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Schatz, J. L. and Sean Parson, eds. Superheroes and Critical Animal Studies: The heroic beasts of total liberation. Critical Animal Studies and Theory. Lanham [etc.]: Lexington, 2018. 
Added by: joachim (12/31/17, 5:48 PM)   Last edited by: joachim (8/21/18, 12:47 PM)
Resource type: Book
Language: en: English
ID no. (ISBN etc.): 978-1-4985-4926-4
BibTeX citation key: Schatz2018
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Categories: General
Keywords: Collection of essays, Superhero
Creators: Parson, Schatz
Publisher: Lexington (Lanham [etc.])
Views: 31/603
Superheroes and Critical Animal Studies explores and puts into dialogue two growing field of studies, comic studies and critical animal studies. The book’s aim is to create a form of praxis that people can use to actualize many of the values superheroes strive to protect. To this end, contributor chapters are divided into sections on the foundation of superhero representation and how to teach it, criticisms of particular superheroes and how they fall short of truly protecting the planet, and interpretations of specific characters that can be read to produce a positive orientation to the nonhuman world and craft strategies to promote liberation in the real world. Altogether, the book produces a form of scholarship on the media that is both intersectional in scope and tailored to have an impact on the reader beyond theorizing superheroes for theorization’s sake.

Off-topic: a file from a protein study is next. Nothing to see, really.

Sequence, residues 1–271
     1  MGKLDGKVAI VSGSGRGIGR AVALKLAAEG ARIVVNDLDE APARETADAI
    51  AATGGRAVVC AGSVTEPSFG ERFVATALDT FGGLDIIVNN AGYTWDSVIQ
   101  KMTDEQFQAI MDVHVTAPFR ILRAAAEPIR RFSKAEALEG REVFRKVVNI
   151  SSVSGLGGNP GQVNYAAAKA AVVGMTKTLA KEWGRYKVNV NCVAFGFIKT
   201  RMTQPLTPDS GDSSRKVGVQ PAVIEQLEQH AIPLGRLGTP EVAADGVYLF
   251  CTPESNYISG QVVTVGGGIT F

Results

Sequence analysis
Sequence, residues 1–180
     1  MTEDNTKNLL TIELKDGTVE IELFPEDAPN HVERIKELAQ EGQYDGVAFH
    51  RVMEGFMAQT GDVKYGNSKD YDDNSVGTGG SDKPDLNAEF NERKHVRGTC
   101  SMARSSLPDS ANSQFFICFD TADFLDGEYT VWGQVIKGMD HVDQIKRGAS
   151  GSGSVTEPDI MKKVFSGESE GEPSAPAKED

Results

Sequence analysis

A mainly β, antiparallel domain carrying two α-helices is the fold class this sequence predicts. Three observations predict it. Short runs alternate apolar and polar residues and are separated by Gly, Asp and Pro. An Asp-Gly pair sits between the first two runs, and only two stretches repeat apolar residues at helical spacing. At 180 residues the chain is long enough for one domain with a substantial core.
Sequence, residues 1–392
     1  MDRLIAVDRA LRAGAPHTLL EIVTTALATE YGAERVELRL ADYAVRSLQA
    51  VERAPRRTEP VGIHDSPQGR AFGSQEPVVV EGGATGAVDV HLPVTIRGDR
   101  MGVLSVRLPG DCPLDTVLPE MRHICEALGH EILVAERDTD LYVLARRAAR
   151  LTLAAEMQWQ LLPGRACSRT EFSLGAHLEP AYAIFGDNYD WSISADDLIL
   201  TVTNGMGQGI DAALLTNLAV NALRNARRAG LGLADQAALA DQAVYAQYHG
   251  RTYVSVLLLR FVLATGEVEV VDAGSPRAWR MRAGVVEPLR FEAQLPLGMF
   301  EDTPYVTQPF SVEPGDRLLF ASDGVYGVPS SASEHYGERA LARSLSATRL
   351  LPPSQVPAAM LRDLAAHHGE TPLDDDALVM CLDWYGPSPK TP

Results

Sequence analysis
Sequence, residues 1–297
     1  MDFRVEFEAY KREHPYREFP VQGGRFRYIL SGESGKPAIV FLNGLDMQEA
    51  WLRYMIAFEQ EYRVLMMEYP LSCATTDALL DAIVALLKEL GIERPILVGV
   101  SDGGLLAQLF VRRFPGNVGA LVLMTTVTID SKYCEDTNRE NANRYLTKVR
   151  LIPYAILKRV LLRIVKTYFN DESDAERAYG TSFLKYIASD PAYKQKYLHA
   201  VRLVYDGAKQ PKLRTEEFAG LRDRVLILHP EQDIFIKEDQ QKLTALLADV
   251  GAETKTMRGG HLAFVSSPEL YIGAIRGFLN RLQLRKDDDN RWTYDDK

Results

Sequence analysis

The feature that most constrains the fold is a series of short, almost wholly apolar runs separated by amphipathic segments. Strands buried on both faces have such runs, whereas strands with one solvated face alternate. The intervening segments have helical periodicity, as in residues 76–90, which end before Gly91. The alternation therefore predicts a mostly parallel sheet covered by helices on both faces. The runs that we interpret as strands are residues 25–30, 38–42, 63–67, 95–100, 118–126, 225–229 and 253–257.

Table of Contents

Vas Stanescu: Foreword (ix)
JL Schatz and Sean Parson: Introduction (xiii)

Part I (1)
1. John Lupinacci: Critical Animal Studies and Comics in the Classroom: Liberation and Everyday Superheroes (3)
2. Kent Worcester: Ecological Pessimism and The Puma Blues (19)
3. José Alaniz: “We are All Scream!”: Woodgod and the “Animal Superhero” (33)
4. JL Schatz: Making Superheroes of Children: The (Mis)Use of Nonhumans in Inspiring Childhood Development (49)

Part II (67)
5. Márcio dos Santos Rodrigues and Matheus da Cruz e Zica: Dilemmas of Animal Rights in the Animal Man Comic Book Series (69)
6. Allison Dushane: We3 and the Violence of Sentimentality (83)
7. Chantelle Gray van Heerden: White God: Rethinking Human and Nonhuman Subjectivities through Underdog-Superhero Narratives and Ahuman Theory (95)

Part III (113)
8. Jeffrey Pannekoek and Karin Anderson: Bruteness: Gender, Race, and Animality in Buffy the Vampire Slayer (115)
9. Matt Evans: Cyborgs, Compendium Species, and the General Will: The Deeply Constitutive Relationship Between Bats and Batman (135)
10. Sean Parson: Ain’t No Thing Like Me, Except Me: Rocket Raccoon, Cyborg Queerness, and Toxic-Masculinity (151)

Index (169)
About the Contributors (173)

Added by: joachim  Last edited by: joachim
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